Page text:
The humble granny flat is making a comeback – and NSW is leading the way.
Property owners are looking to secondary dwellings to generate rental income, make their living space more versatile and add value to their property.
Here’s what you need to know if you’re thinking of adding a granny flat to your property.
Granny flat. It’s a funny term, said to be adapted from Victorian times in England when a widow moved out of the main house to a smaller residence on the estate to make way for the family heir.
Today, granny flats are put to a range of uses, as rental properties, home offices, art studios and extra accommodation for visitors, relatives, teens and, yes, grannies.
This versatility, along with more relaxed planning regulations across many states, has increased the appeal of granny flats.
Some property experts believe they could even help ease the housing affordability crisis.
NSW leads the way as the granny flat state
More than 10,000 granny flats were built across Australia in 2018, according to the Housing Institute of Australia (HIA).
NSW led the way, accounting for 6,065 – or 60% – of these new additions.
The HIA attributes this to a favourable planning environment in NSW, which allows granny flats to be built without a development application and rented out to third parties.
“Granny flats could well become an increasingly important part of Australia’s housing mix,” the HIA says.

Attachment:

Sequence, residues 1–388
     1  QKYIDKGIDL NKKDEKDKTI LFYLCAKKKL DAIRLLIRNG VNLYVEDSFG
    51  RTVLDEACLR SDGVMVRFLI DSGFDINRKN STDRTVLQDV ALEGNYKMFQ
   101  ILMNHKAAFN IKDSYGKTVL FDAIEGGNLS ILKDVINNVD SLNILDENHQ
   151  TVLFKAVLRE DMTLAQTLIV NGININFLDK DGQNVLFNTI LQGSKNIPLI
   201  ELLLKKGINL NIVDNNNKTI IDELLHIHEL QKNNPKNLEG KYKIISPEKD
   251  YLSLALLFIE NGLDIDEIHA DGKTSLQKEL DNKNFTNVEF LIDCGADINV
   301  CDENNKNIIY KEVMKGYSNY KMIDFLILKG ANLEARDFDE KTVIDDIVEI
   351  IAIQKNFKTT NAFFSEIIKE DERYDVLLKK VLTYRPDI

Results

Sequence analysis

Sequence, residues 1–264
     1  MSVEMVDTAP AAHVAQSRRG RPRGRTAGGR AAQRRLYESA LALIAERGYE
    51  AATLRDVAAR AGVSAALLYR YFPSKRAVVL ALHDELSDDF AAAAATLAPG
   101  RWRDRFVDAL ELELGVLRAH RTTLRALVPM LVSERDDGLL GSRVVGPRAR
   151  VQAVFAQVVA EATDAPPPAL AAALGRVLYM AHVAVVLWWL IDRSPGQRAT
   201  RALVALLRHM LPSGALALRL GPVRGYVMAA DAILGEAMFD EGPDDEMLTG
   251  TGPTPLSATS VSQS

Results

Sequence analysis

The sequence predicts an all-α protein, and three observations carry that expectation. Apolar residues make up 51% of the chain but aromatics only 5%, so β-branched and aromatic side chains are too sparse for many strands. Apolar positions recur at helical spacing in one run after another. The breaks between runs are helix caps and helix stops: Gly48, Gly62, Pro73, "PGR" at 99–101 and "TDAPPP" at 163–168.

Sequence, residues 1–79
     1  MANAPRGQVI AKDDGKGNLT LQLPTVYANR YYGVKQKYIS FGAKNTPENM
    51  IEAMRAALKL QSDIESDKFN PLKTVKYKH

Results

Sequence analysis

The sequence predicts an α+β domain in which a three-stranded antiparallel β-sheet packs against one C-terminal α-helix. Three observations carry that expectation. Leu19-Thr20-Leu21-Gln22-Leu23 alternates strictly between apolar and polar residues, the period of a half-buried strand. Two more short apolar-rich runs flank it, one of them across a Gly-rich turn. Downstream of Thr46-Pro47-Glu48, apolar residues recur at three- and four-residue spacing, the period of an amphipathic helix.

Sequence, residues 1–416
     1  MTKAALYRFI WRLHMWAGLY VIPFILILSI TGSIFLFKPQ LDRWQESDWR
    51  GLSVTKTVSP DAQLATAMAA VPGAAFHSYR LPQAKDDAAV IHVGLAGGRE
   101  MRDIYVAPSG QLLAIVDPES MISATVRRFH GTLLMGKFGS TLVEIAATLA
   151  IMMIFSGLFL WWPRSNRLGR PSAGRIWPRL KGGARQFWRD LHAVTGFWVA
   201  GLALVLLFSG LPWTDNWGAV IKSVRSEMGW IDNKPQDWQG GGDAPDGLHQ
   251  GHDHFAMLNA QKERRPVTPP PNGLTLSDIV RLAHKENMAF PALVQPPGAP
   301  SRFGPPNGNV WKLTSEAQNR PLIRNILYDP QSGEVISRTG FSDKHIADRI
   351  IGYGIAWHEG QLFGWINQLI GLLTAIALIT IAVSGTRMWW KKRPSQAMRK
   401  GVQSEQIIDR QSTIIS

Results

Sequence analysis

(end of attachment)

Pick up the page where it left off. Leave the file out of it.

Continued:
Core Logic and Archistar have identified more than half a million properties on Australia’s eastern seaboard with the required space to build a granny flat.
As Australia’s largest regional economy and the largest growth centre in NSW outside the Sydney Basin, the Hunter region is well-positioned to capitalise on a granny flat boom.
Is it worth the expense?
The addition of a granny flat can be a lucrative investment.
Core Logic’s analysis says granny flats can add 30% to the value of a home while increasing rental income by 27%.
Local builders put the average rental return from granny flats in the Hunter Valley at between $350 and $450 a week, so an investment of $100,000 can potentially be paid off in four or five years.
“Building a granny flat is becoming an increasingly compelling proposition for homeowners,” says CoreLogic’s Head of Research, Tim Lawless.
“Not only can it help to manufacture new capital gains but it has the potential to generate rental income while meeting demand for more affordable housing.”
How to check if your property is eligible
The NSW Government’s affordable rental accommodation legislation allows homeowners to build a granny flat of 60 square metres on a property of at least 450 square metres.
If your property meets these requirements, your granny flat can be approved within 20 days as a complying development, according to the NSW Department of Planning.
Your local council is another good source of information and there are plenty of builders in the area with expertise in granny flats. Of course, our team is always happy to assist you with any inquiries.